Tuesday is my day off from ministerial responsibilities. Usually I’ll spend the day at home listening to podcasts, watching Stargate SG-1, going to the dollar movie theater, scoping out a new eatery, and hiding at the Mall. I thoroughly enjoy hiding at the mall. It’s one of the few places I feel solitude (but that’s for another post). But lately I’ve been taking advantage of the classes at the Apple Store.
Some of you may be surprised. I can hear a cacophony of voices raised in incredulity, “why don’t you spend your day before the Blessed Sacrament in contemplation!” (<— no question mark because when people ask this "question" it isn't really a question. It tends to be a passive aggressive accusation). My only response to these people is an attempt at education. They may not understand the human requirements of holiness. Holiness is achieved differently in each person. It is not necessarily achieved by spending hours upon hours in prayer. Holiness is achieved, however, by integrating prayer and contemplation into the mundane activities of life. Holiness is achieved through becoming an integrated and balanced human person infused by God's sanctifying, transformative grace. Prayer before the Blessed Sacrament, Holy Reading, and other acts of piety have their place and shouldn't be neglected. However, watching movies, golfing, weaving, painting, and other leisure activities do have a place. We should strive for a life that is balanced in it's activities but intensely Christocentric in each activity.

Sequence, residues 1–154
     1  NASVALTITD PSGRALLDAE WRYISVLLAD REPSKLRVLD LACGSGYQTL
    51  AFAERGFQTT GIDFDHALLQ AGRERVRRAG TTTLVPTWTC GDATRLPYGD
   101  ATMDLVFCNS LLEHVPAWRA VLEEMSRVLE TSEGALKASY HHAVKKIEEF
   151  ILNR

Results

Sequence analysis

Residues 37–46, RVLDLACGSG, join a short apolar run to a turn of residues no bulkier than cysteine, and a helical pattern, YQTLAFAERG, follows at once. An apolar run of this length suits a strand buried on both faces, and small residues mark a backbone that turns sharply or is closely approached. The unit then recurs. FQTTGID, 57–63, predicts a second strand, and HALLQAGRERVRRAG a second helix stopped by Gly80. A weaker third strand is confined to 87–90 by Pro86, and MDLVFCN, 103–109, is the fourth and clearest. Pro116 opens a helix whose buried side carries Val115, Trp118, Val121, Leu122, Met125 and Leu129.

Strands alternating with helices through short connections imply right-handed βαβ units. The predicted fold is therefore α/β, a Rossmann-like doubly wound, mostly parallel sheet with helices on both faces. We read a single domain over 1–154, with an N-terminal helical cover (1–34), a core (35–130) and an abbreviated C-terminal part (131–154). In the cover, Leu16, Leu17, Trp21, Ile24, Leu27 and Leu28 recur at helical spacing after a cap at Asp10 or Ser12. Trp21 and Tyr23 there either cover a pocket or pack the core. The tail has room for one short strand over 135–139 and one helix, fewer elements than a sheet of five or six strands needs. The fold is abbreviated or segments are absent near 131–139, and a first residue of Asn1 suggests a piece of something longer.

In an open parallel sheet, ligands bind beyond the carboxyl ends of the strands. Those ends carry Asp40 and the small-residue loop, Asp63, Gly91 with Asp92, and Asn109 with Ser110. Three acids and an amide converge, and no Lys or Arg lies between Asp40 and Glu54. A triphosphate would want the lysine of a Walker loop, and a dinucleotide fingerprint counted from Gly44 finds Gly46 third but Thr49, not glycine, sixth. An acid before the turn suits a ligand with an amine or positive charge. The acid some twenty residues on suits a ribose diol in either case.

I think Americans have a hard time understanding this. We are taught at a young age that activities that don't produce a tangible product are superfluous. Because of this we have a hard time understanding why leisure is a necessary component to holiness. This is why the life of the priest is not understood (even by priests). This is why the life of the religious, or monk is scorned in a production based society. The monk should make something. The friar should get a job. We privilege what we perceive to be productive over what we perceive to be unproductive. As American Catholics we perceive prayer to be productive and reading Robert Jordan to be unproductive. Prayer is in, art is out. When reduced this way, it's easy to see the Puritan influence on our thinking.
I'm reminded of the second Master of my Order, Blessed Jordan of Saxony, when I speak about this topic. On a certain occasion, the nuns asked him how much time he spent in prayer each day. His response was striking. He said that he didn't spend any time in prayer, he was too busy preaching. I'm sure the nuns were scandalized.
I wonder how many people take advantage of the Apple Store classes? More people should. The beauty of the architecture, and the products are enough reason to be there. I'm a Mac nerd so I love spending time at the Apple Store. But, to learn about new apps and product functionality that can help my workflow (the salvation of souls) defines my flavor of nerdy bliss. As long as Apple continues to offer classes that aren't simply introductory level I'll be there. I highly recommend you do the same. Don't have a Mac? No iDevice? I'll pray for you … when I find the time.